The Abbott Government’s proposal to relax new vehicle importation laws and enable personal imports of new cars could accelerate the uptake of R1234yf in Australia if the legislation passes.
On some production lines, only models destined for countries where low global warming potential refrigerants are either compulsory or receive fuel efficiency credits are fitted with R1234yf systems, while variants that will be shipped to Australia are built with cheaper R134a systems and gas.
Another factor is the country of origin. To increase production capacity while taking advantage of low labour rates, favourable taxation regimes and local free trade agreements, the same model could be produced in numerous locations around the world.
For example Ford Australia sources mainstream Focus and Fiesta variants from Thailand, where low labour rates and a free trade agreement with Australia – not to mention shipping proximity – help deliver a competitive price and better profit margins.
Meanwhile high-end sports variants like the Focus ST, Fiesta ST and some special editions remain sourced from Europe.
The Ford example is repeated across numerous brands. Many VASA members will know about the Nissan D40 Navara that was sourced from both Spain and Thailand, with dramatically different HVAC systems depending on where they were built.
It means someone personally importing a right-hand-drive car from the UK is likely to end up with an R1234yf system. If you want proof, look to New Zealand, where R1234yf cars started arriving way earlier than in Australia.
Ford Asia Pacific & Africa environmental facilities supervisor for vehicle evaluation and verification, Steve Pohlner, confirmed to SightGlass News that production lines exist on which cars are either fitted with R1234yf or R134a systems depending on destination.
“There are vehicles like that out there. There are vehicles designed for both markets, where they’ve gone with R134a in one variant and R1234yf in another variant,” he said.
“I think Mondeo might be one where they already have it with a R1234yf system (for Europe) but they’re bringing it into Australia with a R134a system in it.”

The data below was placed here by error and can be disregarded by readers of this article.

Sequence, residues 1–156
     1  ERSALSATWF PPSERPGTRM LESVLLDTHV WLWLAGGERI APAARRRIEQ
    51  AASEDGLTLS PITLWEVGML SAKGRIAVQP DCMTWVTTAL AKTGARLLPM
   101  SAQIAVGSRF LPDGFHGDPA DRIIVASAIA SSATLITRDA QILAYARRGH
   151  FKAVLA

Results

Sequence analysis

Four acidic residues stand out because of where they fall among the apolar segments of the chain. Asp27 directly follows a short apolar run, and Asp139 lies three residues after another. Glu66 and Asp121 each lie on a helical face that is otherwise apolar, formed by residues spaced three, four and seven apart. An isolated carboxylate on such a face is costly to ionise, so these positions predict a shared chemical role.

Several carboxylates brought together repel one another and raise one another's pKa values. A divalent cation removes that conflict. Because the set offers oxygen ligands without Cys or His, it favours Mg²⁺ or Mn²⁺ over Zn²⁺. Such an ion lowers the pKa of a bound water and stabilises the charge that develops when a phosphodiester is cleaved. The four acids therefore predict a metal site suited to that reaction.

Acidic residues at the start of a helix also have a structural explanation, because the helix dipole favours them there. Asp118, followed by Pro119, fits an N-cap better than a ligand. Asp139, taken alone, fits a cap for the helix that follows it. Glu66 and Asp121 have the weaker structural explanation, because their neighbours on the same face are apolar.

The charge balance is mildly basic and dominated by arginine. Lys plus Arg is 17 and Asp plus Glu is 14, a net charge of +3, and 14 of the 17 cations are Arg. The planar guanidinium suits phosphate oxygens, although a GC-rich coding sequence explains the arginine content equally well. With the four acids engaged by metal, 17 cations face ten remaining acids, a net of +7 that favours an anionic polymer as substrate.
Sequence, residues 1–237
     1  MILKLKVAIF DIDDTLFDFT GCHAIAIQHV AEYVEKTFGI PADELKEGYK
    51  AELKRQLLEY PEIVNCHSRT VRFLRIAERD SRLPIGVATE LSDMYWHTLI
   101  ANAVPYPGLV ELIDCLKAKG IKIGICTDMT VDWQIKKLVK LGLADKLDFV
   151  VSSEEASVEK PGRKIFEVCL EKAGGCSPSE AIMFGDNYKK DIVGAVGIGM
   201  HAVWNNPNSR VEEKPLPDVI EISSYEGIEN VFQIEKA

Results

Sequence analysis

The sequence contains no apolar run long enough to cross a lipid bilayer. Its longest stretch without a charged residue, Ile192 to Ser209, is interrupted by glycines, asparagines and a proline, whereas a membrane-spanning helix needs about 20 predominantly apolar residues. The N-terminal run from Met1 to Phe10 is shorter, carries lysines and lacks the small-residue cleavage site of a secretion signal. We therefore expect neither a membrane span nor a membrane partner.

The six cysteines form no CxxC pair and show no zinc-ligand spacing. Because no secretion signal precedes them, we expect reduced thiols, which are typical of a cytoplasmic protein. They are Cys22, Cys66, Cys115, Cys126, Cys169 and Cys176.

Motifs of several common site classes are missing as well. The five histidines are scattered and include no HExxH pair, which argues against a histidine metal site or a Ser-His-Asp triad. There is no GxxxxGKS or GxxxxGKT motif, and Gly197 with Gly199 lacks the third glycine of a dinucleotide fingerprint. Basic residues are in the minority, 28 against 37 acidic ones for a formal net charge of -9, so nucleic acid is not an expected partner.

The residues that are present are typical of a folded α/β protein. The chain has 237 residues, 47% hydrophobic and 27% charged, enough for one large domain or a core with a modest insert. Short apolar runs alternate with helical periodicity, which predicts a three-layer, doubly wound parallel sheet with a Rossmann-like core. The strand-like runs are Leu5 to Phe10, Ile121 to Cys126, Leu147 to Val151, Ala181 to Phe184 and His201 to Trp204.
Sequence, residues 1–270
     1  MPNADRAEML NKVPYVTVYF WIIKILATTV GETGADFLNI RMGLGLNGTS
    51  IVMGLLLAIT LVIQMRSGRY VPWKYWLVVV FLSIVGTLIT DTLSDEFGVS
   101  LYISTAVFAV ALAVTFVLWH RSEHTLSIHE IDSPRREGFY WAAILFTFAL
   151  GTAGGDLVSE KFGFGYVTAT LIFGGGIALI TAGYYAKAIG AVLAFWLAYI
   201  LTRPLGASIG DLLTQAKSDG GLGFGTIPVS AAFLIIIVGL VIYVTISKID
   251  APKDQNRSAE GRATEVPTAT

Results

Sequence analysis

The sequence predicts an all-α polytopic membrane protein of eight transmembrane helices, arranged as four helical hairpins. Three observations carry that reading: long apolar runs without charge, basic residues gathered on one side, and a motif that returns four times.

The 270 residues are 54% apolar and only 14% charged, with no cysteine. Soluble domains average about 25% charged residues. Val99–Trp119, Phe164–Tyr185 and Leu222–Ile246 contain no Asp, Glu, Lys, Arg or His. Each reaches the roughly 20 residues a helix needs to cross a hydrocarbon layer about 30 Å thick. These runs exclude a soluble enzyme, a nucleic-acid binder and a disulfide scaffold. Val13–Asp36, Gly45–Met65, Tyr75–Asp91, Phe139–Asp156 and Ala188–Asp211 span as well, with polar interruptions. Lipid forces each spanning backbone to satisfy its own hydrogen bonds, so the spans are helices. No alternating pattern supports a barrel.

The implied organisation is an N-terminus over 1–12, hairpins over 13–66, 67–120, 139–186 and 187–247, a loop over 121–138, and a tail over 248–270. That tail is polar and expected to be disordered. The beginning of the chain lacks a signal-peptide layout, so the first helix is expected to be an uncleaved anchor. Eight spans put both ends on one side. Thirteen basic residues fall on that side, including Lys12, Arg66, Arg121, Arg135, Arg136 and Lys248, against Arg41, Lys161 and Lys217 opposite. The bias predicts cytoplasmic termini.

However Mr Pohlner, at least from a Ford perspective, believed the European factories will make a complete switch to R1234yf next year.
At the Australian Automotive Aftermarket Expo in Melbourne on April 16, assistant minister for infrastructure and regional development, Jamie Briggs, outlined proposed changes to the Australian Motor Vehicles Standards Act.
He said that under the new rules, the definition of a new car for import purposes would be less than 12 months old or with less than 4000km on the clock.
One change under the Motor Vehicle Standards Act review would be the alignment of Australian vehicle standards with other overseas markets, eliminating some of the unique Australian Design Rules that favour local manufacturers and cause headaches for importers.
“We will have the same standards as other countries and if the price is better for consumers in those countries, with the same car, with the same standards, you have to ask the question why are we stopping people from accessing those markets,” said Mr Briggs.
Australian Automotive Aftermarket Association executive director Stuart Charity welcomed the proposed legislation changes.
“With the closure of passenger car manufacturing in Australia, the local demand for new vehicles will be satisfied totally with imports. Aligning Australian with international standards will reduce bureaucratic red tape, reduce prices and make our market more competitive,” he said.
However at the opening of the Expo, Labor Senator Kim Carr railed against the proposal, saying Australia has “safety standards in this country for a reason”.
“He (Mr Briggs) is suggesting people can personally import their vehicles … The car dealership industry in this country has grave cause for concern about that matter. There will be job losses as a result of this decision.”